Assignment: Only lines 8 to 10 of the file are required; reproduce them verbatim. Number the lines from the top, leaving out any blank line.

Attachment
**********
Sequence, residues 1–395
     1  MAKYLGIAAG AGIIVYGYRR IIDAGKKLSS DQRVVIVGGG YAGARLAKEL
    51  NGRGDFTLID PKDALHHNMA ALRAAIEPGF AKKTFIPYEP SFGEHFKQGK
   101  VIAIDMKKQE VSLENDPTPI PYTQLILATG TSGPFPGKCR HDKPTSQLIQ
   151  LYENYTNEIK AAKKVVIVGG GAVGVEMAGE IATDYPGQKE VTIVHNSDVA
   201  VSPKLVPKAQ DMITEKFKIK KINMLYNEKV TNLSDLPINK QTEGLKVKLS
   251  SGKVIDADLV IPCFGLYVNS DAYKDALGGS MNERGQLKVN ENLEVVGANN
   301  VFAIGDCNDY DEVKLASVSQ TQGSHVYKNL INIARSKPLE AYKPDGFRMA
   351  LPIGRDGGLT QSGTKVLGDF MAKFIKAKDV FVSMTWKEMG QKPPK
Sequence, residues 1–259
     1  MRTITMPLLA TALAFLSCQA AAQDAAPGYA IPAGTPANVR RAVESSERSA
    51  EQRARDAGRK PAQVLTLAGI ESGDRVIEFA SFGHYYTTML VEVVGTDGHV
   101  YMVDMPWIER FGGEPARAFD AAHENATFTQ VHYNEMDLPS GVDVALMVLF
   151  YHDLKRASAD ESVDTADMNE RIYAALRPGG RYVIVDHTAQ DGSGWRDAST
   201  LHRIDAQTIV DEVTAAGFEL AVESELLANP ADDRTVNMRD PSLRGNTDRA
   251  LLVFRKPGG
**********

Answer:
   301  VFAIGDCNDY DEVKLASVSQ TQGSHVYKNL INIARSKPLE AYKPDGFRMA
   351  LPIGRDGGLT QSGTKVLGDF MAKFIKAKDV FVSMTWKEMG QKPPK
Sequence, residues 1–259